Irish politicians aren't the only ones texting...
Eight years into its existence, WhatsApp has become the go-to app for a generation of texters and yesterday's sneaky screengrabs show that our politicians are no exception.
Sunday's Mean Girls-esque leak among friends has served as a reminder to politicians that they should think twice before pressing send.
Charlie Flanagan says his WhatsApp comments about the Health Minister were just "Sunday afternoon banter" - while Simon Harris believes the leaked comment was a poor attempt at humour.
The WhatsApp Mayor
Lidiane Leite, was elected the mayor of Bom Jardim in Brazil in her mid-20s and soon ran away to the Maranhao state capital - hundreds of kilometres away from her jurisdiction.
She ran the constituency through WhatsApp messages to her cabinet. These ordered were distributed through a WhatsApp group called "Task Force."
Her legal team argued that she was, "Too young and inexperienced when she took office," and that, "She lacked confidence and delegated many tasks" - and she was ultimately not aware of any wrongdoing.
Ms Leit entered politics after her partner was banned from running for the office because of corruption allegations - she stepped in and won the election.
After her victory, her boyfriend Bom Jardim was appointed as her public secretary and is reported to have effectively taken control of the office.
When her name was connected to a state investigation into the misuse of public funds she went on the run from authorities. The use of almost €4m of public money was reviewed.
One of the politician's Instagram posts
She was dubbed the 'WhatsApp mayor' - and drew international attention including an in-depth report from the BBC.
"I can buy whatever I want ... I'm going to spend money on what I want and I don't care what people say about me," she boasted on Instagram before the charges were levelled.
According to the British broadcaster, as the Brazilian ran from authorities, she messaged her Cabinet calling on them to not co-operate with the probe, while reiterating that she was still mayor.
After 39 days she handed herself in and was made to wear an electronic tag and even spent a number of days in jail before the investigation continued.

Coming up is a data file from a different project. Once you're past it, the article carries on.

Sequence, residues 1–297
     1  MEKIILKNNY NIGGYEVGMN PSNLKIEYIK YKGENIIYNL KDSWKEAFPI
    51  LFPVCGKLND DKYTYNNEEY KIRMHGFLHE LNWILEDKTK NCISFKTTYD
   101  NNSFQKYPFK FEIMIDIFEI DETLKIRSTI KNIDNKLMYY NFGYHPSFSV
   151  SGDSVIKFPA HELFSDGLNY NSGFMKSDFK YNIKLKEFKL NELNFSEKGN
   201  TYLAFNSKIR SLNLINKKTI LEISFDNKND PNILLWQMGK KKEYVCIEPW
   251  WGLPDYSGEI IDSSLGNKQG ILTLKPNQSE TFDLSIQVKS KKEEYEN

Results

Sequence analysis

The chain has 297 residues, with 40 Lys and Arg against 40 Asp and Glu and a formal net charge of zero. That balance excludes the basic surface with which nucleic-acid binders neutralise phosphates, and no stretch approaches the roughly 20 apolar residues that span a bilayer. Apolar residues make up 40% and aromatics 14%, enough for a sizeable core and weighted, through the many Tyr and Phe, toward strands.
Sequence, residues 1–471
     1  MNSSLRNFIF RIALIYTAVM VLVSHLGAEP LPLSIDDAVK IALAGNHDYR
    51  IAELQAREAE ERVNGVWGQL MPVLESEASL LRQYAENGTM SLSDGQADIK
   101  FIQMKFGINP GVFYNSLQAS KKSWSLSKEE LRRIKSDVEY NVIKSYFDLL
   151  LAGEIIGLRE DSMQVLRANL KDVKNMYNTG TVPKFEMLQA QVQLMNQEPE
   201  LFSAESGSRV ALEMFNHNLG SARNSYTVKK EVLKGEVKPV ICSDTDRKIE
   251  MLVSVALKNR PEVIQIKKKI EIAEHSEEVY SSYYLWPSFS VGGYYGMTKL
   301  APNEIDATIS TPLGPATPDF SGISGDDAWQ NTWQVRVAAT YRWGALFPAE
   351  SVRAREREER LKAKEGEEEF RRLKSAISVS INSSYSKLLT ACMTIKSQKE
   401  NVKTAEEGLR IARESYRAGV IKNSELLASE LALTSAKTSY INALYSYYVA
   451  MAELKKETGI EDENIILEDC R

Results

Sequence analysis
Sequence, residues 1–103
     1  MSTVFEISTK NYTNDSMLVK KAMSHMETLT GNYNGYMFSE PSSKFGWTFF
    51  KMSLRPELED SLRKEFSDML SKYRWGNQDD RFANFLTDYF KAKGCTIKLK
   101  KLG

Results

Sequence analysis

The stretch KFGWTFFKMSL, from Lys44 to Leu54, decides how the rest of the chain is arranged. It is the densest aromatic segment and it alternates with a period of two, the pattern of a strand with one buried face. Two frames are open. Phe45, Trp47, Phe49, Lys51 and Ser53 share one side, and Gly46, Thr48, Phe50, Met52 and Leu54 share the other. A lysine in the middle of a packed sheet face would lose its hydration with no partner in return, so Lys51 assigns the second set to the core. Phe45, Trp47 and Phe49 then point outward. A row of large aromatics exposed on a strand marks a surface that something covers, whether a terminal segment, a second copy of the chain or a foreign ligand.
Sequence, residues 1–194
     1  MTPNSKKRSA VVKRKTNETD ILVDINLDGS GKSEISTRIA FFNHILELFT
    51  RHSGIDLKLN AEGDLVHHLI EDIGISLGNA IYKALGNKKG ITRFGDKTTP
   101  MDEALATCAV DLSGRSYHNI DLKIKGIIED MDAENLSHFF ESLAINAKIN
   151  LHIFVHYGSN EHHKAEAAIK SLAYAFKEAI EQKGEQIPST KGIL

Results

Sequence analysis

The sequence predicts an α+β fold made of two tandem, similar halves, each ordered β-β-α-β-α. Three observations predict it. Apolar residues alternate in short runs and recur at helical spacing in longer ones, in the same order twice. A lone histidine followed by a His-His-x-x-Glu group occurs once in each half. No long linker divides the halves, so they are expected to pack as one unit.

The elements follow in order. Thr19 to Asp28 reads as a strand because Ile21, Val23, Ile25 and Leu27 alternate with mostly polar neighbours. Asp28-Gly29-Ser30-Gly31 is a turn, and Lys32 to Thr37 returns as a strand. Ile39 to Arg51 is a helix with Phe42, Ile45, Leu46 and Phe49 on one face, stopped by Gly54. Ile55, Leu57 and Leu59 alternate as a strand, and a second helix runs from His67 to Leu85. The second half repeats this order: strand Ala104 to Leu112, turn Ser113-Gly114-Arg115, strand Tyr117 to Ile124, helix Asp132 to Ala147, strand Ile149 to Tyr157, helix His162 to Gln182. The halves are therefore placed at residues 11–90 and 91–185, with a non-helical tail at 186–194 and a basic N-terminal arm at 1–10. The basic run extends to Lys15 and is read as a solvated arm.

She was ultimately cleared of these charges.
As we are increasingly living in a world where our utterances are recorded and potentially monitored, many argue that you should presume that any electronic communication you make could come back to haunt you.
Ireland's freedom of information act now covers messaging apps.
RTE news obtained communications from a State WhatsApp group about Brexit under the act.
It is reported to have involved press and communications personnel from departments and State agencies - but the names of individuals were redacted.
In the UK during the Brexit campaign, 'Remain' politicians were accused of using the encrypted messaging service to discuss the campaign, outside of official communication channels to avoid potential Freedom of Information requests.
Malcolm Turnbull's administration in Austrail revealed last year that senior cabinet ministers used the app, which has not received security clearance Down Under.
The Australian PM's cybersecurity adviser Alastair MacGibbon said that the app was not used to communicate sensitive information and that its messages are the same as a text message or phone call.
It is reported that Fine Gael will move its communications to a messaging service called 'Confide.'
The app features Snapchat-style vanishing messages and disables screenshots.
It has been reported that this app is suspected as being a go-to for staff leaking information to journalists from Donald Trump's White House.